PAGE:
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Richard Aldington: How well the premeditated mass murder of war is organized


Anti-war essays, poems, short stories and literary excerpts

Richard Aldington: Selections on war


Richard Aldington
From Death of a Hero (1929)

NPG x10305,(Edward Godfree) Richard Aldington,by Howard Coster

He still clung desperately to Elizabeth and Fanny, of course. He wrote long letters to them trying to explain himself, and they replied sympathetically. They were the only persons he wanted to see when on leave, and they met him sympathetically. But it was useless. They were gesticulating across an abyss. The women were still human beings; he was merely a unit, a murder-robot, a wisp of cannon fodder. And he knew it. They didn’t. But they felt the difference, felt it as a degradation in him, a sort of failure. Elizabeth and Fanny occasionally met after the row, and made acid-sweet remarks to each other. But on one point they were in agreement – George had degenerated terribly since joining the army, and there was no knowing to what preposterous depths of Tommydom he might fall.


The Germans were sending up some rather fancy signal-rockets from their front line, and he was vaguely wondering what they meant, when a huge rat darted, or rather scrambled, impudently just past his head. Then he noticed that a legion of the fattest and longest rats he had ever seen were popping in and out the crevices between the sandbags. As far as he could see down the trench in the dusk, they were swarming over parapet and parados. Such well-fed rats! He shuddered, thinking what they has probably fed upon.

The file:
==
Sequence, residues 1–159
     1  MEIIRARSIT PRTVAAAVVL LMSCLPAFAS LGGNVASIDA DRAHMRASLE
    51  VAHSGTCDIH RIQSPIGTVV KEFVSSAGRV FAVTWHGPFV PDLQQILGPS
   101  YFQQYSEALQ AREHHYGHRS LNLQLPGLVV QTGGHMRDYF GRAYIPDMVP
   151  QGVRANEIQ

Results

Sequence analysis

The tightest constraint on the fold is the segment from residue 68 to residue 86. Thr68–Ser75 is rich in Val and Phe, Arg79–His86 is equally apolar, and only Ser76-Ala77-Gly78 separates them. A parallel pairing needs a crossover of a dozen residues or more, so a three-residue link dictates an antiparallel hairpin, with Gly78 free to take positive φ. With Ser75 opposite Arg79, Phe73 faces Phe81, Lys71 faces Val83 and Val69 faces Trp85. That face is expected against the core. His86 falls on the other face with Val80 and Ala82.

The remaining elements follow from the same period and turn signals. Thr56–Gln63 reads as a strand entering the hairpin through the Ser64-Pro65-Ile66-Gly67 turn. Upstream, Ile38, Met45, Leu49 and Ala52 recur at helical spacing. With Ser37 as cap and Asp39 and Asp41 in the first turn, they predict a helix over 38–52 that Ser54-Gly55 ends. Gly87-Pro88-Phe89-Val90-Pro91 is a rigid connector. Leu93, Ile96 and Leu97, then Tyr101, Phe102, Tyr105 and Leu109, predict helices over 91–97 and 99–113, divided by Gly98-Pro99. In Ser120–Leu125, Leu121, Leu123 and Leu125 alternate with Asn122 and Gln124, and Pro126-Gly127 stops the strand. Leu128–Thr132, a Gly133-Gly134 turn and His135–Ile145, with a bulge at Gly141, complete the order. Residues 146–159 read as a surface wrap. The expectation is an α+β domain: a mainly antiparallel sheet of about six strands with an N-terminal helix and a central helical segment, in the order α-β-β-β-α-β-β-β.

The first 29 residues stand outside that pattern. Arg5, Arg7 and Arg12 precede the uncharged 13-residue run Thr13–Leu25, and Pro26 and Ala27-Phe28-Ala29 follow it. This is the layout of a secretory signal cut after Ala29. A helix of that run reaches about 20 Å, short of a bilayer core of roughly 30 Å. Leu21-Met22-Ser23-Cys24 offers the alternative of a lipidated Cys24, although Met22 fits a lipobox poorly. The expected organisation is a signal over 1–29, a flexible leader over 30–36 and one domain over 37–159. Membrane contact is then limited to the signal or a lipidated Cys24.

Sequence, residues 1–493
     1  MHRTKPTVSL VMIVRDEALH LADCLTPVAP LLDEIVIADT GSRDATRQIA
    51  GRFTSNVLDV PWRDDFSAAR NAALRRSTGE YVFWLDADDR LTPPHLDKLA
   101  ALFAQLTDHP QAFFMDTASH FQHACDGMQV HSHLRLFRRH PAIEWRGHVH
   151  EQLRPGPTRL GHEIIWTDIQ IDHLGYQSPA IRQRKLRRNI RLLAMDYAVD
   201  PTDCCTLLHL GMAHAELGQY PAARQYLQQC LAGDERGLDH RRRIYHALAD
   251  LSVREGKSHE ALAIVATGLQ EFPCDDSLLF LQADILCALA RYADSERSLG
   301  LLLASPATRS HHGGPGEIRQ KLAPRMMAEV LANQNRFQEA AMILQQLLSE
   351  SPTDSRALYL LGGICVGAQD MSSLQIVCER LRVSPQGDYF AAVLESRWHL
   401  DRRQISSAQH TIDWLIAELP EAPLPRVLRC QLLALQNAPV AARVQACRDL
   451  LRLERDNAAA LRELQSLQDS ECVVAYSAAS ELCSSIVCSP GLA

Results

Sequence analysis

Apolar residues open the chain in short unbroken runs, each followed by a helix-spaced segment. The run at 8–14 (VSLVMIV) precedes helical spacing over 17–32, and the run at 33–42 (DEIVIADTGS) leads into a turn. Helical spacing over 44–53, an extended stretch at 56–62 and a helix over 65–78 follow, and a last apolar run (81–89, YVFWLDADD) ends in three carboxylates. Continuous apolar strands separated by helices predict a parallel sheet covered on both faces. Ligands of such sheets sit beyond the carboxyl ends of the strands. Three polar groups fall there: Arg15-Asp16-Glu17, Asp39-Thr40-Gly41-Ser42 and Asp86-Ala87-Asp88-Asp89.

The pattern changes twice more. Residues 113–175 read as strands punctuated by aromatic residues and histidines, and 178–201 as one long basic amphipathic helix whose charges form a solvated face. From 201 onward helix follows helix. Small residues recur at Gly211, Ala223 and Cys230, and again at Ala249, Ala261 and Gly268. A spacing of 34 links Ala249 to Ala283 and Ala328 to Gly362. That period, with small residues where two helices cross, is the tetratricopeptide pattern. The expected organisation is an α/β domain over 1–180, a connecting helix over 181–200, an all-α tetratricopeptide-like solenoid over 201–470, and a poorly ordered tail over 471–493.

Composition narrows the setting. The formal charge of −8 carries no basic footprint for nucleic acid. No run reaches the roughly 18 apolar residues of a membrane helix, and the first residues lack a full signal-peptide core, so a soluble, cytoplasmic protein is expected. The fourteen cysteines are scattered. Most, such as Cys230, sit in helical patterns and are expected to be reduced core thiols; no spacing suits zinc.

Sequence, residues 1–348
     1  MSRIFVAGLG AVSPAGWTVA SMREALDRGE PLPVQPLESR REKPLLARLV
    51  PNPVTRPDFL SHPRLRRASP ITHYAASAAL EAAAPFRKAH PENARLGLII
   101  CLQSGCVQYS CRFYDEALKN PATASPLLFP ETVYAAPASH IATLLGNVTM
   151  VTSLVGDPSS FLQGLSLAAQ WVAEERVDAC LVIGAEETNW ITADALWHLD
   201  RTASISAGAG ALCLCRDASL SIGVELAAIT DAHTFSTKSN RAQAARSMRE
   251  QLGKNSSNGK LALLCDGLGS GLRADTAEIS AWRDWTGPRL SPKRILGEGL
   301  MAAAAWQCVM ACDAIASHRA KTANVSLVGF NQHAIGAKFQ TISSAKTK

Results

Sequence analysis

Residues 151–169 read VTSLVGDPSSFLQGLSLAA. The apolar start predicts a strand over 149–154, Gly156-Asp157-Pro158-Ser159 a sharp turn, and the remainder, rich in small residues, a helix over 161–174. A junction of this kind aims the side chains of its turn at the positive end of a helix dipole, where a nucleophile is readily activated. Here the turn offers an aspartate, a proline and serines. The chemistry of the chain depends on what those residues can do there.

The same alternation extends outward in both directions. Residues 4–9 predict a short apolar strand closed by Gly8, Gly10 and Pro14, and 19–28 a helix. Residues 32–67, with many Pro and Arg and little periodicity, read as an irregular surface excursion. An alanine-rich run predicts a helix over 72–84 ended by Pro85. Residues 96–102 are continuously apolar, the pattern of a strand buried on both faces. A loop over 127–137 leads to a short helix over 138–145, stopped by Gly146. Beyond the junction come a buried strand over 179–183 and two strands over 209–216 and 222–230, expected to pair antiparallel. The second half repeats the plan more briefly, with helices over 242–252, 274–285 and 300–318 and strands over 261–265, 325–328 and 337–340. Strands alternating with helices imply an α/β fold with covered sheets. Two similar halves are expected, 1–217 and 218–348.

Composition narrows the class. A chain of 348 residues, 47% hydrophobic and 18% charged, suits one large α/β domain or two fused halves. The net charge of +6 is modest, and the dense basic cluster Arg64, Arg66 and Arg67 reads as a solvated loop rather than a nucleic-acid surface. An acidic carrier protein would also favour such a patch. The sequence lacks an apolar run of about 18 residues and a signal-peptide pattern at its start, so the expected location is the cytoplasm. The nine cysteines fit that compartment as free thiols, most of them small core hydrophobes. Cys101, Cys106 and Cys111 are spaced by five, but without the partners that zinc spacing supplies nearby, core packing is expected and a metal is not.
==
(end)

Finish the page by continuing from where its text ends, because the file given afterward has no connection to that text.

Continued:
The cottages were rather scattered, and unused as cellar-billets in this direction. The top storeys had gone from nearly all, but in several the ground floor was fairly intact. He looked into each as he passed. The wallpaper had long ago fallen and lay in mouldering heaps. The floors were covered with broken bricks, tiles, smashed beams, laths, and disintegrating plaster. Odd pieces of broken furniture, twisted iron beds, large rags which had once been clothes and sheets, protruded from the mass. He poked about and found photographs, letters in faded ink on damp paper, broken toys, bits of smashed vases, a soiled satin wedding-gown with its veil and wreath of artificial orange-blossom. He stood, with his head bent, looking at this pathetic debris of human lives, and absentmindedly lit a cigarette, which he immediately threw away – it tasted of phosgene. “La Gloire,” he murmured, “Deutschland über alles, God save the King.”

The next cottage was less damaged than the others, and its rough wooden shutters were still on their hinges. Winterbourne peered through, and saw the whole of the inside had been cleared of debris, and was stacked with quantities of wooden objects. He shaded his eyes more carefully, and saw they were ranks and ranks of wooden crosses. Those he could see had painted on them R.I.P.; then underneath was a blank space for the name; underneath was the name of one or other of the battalions in his division, and then the present month and year. with a blank space for the day. Excellent forethought, he reflected, as he filled his bucket and waterbottle. How well the War is organized!

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